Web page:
Blake’s Big Place in History

Blake Griffin isn’t just a shoo-in for Rookie of the Year, he’s established himself statistically as one of the most dominant rookies of the last quarter century. That list includes Shaquille O’Neal, Tim Duncan, LeBron James and David Robinson.

Blake’s latest exploits happened earlier this week when he went off on Indiana for a career-high 47 points (his second 40-point effort) and 14 rebounds. Griffin joined some elite company in Michael Jordan and Rick Barry as the only players 21 or under to go for at least 47 and 14. The red-headed Clipper also is only the second rook of the last 25 years to record at least 45 and 10 — Shaq being the other.

So where does Blake rank among the best rookies of the last 25 years? Some have suggested he’s the best first-year big man since Shaq. Duncan might have something to say about that. Elias Sports Bureau was kind enough to research the rookies to average at least 20 points and 10 rebounds since 1985 and how much their teams improved in the win column:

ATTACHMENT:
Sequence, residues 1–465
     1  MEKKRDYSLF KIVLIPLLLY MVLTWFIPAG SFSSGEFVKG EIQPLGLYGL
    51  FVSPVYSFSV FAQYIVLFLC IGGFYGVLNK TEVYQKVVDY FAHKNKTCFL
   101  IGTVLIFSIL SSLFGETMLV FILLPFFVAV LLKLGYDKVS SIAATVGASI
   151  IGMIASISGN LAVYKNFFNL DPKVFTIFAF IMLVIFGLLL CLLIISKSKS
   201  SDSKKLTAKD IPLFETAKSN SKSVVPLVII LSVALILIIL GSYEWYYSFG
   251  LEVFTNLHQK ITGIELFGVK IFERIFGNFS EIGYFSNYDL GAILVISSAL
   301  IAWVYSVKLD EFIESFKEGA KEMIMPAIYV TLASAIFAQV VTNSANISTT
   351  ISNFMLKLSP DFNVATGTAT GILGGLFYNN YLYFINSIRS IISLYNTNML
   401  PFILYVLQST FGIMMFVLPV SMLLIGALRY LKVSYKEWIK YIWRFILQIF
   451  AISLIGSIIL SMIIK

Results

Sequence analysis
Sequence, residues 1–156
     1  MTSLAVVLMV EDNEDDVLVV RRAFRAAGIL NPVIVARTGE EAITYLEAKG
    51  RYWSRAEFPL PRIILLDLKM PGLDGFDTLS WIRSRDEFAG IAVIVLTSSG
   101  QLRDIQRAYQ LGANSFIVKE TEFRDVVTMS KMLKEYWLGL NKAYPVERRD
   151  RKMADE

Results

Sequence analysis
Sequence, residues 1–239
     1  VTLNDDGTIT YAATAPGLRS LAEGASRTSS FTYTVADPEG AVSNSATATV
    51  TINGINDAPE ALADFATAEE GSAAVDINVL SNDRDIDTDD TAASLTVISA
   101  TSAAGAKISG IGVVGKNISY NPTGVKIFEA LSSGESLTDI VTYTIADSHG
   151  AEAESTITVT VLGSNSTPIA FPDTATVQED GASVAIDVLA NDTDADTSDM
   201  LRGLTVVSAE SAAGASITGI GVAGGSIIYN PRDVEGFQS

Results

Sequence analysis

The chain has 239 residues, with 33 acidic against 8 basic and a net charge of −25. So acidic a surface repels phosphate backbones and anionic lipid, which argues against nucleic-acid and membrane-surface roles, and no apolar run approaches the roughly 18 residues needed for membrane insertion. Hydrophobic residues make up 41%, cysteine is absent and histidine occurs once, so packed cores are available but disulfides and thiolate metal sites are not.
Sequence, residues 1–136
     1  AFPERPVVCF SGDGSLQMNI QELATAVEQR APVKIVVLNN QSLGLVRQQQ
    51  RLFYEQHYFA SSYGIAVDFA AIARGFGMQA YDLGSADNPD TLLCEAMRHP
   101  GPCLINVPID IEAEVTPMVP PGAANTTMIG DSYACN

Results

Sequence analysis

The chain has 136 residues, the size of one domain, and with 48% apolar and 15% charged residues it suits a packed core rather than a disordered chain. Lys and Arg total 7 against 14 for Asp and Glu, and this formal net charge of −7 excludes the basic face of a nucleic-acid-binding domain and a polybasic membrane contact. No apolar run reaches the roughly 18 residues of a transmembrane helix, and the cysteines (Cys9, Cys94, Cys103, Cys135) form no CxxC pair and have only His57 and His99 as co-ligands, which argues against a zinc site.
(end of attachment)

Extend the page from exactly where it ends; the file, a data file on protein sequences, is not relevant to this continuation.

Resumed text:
Season Player Points Rebounds Record Previous season (+ wins)
1999-00 Elton Brand (Bulls) 20.1 10.0 17-65 13-37 +4
1997-98 Tim Duncan (Spurs) 21.1 11.9 56-26 20-62 +36
1992-93 Alonzo Mourning (Hornets) 21.0 10.3 44-38 31-51 +13
1992-93 Shaquille O’Neal (Magic) 23.4 13.9 41-41 21-61 +20
1989-90 David Robinson (Spurs) 24.3 12.0 56-26 21-61 +35

Griffin is averaging 22.5 points and 12.8 rebounds going into tonight’s visit from Minnesota (League Pass, 10:30 p.m. ET). His Clippers are on a 30-win pace, but they’re 14-12 since a horrendous 1-13 start . If they can keep up that pace from now to the end of the season, Los Angeles’ other team would finish 38-44. Probably not playoff worthy, but a solid nine-game improvement over last year’s 29-53.